After ISIS-Linked Slash Attack, OSU Still Offering Election Counseling

In the aftermath of Abdul Artan's rampage, campus counselors still worried about Trump

Despite a terrorist attack linked to ISIS on the Ohio State campus on Monday, the university’s counseling center still has a website up offering counseling for post-election stress.

The slasher attack that left 11 in the hospital Monday evidently did little to put the outcome of the election in perspective at the counseling office.

“We are also aware that individuals with a similar background to the assailant’s identity can be unfairly victimized in the aftermath of such a tragedy.”

The website says OSU’s counseling center “is a welcoming place, and we affirm our commitment to all students regardless of party affiliation. We are particularly mindful that this election season has included hurtful and vitriolic rhetoric impacting many people. As always, we encourage you to reach out for support as well as extend support to others. It is important for us to stay connected and do what we can to take care of one another.”

The thought of Republican Donald Trump as president-elect apparently ranks almost as highly as a stressor as a likely jihadist-inspired attack.

In that attack, Abdul Razak Ali Artan rammed his car into a crowd and attacked bystanders with a knife. 11 people were hospitalized but none of the victims had life-threatening injuries.

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A campus police officer killed Artan, 18, shortly after the attack began.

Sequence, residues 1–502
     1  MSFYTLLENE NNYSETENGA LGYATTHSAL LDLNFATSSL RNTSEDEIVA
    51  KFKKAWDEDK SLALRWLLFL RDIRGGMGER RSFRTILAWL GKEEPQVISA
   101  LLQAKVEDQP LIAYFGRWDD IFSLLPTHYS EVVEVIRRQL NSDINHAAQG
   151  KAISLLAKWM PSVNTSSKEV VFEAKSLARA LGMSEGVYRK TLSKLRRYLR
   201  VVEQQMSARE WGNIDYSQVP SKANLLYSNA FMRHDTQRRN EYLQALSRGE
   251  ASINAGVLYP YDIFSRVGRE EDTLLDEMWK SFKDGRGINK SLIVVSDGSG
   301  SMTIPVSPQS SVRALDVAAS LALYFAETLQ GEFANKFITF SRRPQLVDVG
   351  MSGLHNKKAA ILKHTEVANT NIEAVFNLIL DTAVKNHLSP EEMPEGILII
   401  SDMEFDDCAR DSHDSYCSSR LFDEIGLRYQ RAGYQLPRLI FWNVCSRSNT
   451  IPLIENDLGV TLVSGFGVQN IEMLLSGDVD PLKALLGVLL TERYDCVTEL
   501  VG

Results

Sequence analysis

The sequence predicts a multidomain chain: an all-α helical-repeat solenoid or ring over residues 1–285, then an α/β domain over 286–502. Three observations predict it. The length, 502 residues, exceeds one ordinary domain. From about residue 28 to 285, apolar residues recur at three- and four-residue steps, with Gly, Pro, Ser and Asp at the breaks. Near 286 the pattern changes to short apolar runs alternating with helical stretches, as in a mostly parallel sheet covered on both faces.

Artan, a freshman at the college, was a Somali immigrant who grew to resent non-Muslims in the United States.

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Even though Artan apparently targeted non-Muslims, the center has expressed concern about others on campus like Artan: “We are also aware that individuals with a similar background to the assailant’s identity can be unfairly victimized in the aftermath of such a tragedy.”

The center’s site is also rife with other chestnuts of political correctness — both standard stuff and cutting-edge, social justice stuff. The site refers to Latinos as “Latinx.”

What does Latinx mean?

According to The Huffington Post, “Latinx is the gender-neutral alternative to Latino, Latina, and even [email protected] Used by scholars, activists, and an increasing number of journalists, Latinx is quickly gaining popularity among the general public. It’s part of a ‘linguistic revolution’ that aims to move beyond gender binaries and is inclusive of the intersecting identities of Latin American descendants. In addition to men and women from all racial backgrounds, Latinx also makes room for people who are trans, queer, agender, non-binary, gender non-conforming or gender fluid.”

meet the author

Political reporter, LifeZette. Indiana University journalism grad. Boston U. business grad. Former Indiana, Alabama statehouse reporter, Daytona Beach editorial writer.

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